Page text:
The Pills - Sempre meglio che lavorare: 3 eternal teenagers' leap from the internet to film
by Vittoria Scarpa
- In theatres, the film by webstars Luca Vecchi, Matteo Corradini and Luigi Di Capua, produced by Valsecchi. Other new releases include Se mi lasci non vale by Vincenzo Salemme and Son of Saul
There are those who are willing to do anything to keep their job, and those who don’t have the slightest intention of going to work. One thing is certain: in Italy, work is becoming more and more of a joke. Whilst Checco Zalone carries on clocking up takings with his portrayal of a state worker who isn’t going anywhere (to date, Quo vado? [+see also:
film profile] has taken over €60 million), this Thursday the same producer, Pietro Valsecchi is releasing, again with Medusa, another comedy that jokes around with the issue of work: The Pills - Sempre meglio che lavorare [+see also:
“A life that begins every morning with a 7:30 alarm is not worth living” is the motto of Luca Vecchi, Matteo Corradini and Luigi Di Capua – alias The Pills, the famous webstar trio with over 20 million views on YouTube – for their cinematic debut (the film is directed by Luca Vecchi). Childhood friends Luca, Matteo and Luigi, who are pushing 30, have no intention of growing up, even less of leaving their beloved kitchen table (the same one featured in their online videos) around which they spout nonsense, smoke joints and drink litre upon litre of coffee. But work comes knocking when you least expect it, and our three eternal teenagers find it difficult to resist its temptations. A very young, very Roman comedy, and an unsettling snapshot of thirty-year-olds today, without prospects, the film will be released in 270 theatres from Thursday.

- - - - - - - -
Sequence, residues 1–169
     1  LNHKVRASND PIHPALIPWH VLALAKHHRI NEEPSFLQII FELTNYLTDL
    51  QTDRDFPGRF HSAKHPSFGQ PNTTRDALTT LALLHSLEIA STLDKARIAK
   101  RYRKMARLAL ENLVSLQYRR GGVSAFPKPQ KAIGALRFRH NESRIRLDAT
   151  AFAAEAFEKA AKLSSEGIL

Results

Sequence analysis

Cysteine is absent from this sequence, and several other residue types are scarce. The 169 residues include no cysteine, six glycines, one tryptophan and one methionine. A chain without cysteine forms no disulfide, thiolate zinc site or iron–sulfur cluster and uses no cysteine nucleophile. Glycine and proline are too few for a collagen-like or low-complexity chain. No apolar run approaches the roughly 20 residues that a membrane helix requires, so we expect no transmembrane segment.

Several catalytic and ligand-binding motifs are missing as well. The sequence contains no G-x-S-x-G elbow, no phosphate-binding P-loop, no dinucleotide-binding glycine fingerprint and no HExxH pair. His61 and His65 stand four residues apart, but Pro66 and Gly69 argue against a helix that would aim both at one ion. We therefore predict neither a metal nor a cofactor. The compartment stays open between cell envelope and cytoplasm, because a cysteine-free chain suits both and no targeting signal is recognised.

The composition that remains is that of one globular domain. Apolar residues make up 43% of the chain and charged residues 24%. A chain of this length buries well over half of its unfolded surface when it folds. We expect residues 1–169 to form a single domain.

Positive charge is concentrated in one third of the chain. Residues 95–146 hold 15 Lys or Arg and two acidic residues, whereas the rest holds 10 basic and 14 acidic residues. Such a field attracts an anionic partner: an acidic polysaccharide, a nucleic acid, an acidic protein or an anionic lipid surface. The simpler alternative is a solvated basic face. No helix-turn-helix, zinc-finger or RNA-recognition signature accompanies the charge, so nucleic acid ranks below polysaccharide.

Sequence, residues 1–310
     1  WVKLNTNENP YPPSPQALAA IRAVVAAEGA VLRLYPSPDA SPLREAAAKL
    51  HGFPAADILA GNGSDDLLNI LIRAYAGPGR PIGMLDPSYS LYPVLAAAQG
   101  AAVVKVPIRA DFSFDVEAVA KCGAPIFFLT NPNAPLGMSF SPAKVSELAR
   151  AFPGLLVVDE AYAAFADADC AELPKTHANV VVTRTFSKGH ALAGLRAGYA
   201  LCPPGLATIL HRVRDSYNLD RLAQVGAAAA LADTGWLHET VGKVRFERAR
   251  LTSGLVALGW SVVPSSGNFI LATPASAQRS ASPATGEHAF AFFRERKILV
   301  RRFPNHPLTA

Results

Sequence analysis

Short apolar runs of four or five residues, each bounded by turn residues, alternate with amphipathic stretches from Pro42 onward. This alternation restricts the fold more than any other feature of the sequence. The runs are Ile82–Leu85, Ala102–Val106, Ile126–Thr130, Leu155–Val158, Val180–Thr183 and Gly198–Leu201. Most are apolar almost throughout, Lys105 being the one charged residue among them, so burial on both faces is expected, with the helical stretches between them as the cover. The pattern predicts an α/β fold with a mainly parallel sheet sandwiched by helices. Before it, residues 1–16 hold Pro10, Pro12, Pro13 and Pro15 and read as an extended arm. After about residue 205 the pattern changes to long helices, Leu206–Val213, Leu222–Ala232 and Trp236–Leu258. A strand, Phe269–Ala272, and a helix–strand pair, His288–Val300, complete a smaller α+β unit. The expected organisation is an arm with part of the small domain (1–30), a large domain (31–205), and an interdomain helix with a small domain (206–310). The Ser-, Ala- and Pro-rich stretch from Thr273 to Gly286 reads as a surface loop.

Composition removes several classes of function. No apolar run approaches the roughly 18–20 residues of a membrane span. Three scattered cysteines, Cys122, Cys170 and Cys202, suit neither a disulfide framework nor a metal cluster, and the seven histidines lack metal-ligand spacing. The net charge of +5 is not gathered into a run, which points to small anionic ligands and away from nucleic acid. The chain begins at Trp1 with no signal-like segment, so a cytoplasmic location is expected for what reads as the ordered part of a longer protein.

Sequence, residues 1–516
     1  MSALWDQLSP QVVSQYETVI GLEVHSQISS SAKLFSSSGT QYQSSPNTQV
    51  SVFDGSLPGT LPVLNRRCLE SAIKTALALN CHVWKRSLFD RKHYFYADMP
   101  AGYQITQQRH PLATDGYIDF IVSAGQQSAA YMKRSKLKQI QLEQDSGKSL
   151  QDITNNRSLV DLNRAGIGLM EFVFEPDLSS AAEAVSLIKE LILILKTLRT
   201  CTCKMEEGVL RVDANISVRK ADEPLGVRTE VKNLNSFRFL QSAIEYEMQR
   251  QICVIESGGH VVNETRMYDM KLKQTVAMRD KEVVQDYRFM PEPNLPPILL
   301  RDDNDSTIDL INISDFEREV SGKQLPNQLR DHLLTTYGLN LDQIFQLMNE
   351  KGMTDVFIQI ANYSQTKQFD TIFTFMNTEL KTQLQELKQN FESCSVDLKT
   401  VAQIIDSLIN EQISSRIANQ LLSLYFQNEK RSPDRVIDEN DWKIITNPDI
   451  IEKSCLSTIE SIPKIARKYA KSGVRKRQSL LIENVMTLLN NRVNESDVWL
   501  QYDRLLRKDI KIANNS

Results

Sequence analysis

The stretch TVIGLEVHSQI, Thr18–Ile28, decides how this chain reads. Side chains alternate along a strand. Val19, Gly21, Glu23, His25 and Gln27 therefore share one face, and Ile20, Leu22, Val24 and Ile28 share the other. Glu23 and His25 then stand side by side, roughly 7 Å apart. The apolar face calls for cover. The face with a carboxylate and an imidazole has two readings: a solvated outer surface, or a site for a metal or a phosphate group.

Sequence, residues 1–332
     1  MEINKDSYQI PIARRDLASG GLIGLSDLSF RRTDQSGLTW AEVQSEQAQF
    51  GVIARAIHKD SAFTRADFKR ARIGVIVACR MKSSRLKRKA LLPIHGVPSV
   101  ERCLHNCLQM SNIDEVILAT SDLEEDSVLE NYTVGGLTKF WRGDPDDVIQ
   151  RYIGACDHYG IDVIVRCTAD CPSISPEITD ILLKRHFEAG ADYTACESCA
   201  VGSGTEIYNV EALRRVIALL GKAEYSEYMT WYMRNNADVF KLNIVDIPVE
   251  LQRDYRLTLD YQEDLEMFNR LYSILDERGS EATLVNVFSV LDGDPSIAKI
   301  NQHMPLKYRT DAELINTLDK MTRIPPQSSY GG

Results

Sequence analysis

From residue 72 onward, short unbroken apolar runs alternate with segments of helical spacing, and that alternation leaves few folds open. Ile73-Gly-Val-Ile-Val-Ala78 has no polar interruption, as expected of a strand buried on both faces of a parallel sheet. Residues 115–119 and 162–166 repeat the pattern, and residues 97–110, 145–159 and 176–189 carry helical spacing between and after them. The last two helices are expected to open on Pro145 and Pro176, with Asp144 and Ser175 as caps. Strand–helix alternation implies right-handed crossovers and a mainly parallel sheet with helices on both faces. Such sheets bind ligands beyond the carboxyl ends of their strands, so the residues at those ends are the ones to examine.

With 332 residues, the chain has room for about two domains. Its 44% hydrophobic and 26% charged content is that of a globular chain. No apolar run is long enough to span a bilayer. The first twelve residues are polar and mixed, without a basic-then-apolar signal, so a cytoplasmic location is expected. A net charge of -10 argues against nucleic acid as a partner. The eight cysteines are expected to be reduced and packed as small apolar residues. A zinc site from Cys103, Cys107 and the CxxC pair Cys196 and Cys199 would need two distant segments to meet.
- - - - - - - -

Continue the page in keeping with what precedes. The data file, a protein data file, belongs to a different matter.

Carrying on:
Another generation, another variety of comedy for the second Italian film hitting theatres today, Se mi lasci non vale [+see also:
film profile] by Vincenzo Salemme, a comedy about friendship and love, classic, simple and light, which centres around two broken men (one is played by Salemme, the other by Paolo Calabresi), who have been abandoned by their respective partners and are determined to make them pay for it. The cast also features Serena Autieri and Tosca d’Aquino, as well as Carlo Buccirosso playing a hilarious second-class theatre actor who helps the two men plot their revenge. The film is being released in 300 cinemas by Warner. The third Italian film to be released this week is Il paese dove gli alberi volano [+see also:
film profile], the documentary by Davide Barletti and Jacopo Quadri on the 50 years of Eugenio Barba’s Odin Teatret theatre troupe, which was screened in Venice Days at Venice (see interview) and is being distributed by Wanted.
The only European release of the week is the multi-award-winning Son of Saul [+see also:
Q&A: László Nemes
interview: László Rajk
film profile] by Hungarian director László Nemes, which has just won a Golden Globe and is the favourite to win this year’s Oscar for Best Foreign Language Film. The film is being released in 40 cinemas by Teodora. From the United States this week is Steve Jobs [+see also:
film profile] starring Michael Fassbender (Universal, 300 cinemas) and comedy horror Goosebumps (Warner, 190 sale). From Venezuela, finally, is the winner of the Golden Lion at Venice, Desde allà, which is being brought to 30 cinemas by Cinema.
(Translated from Italian)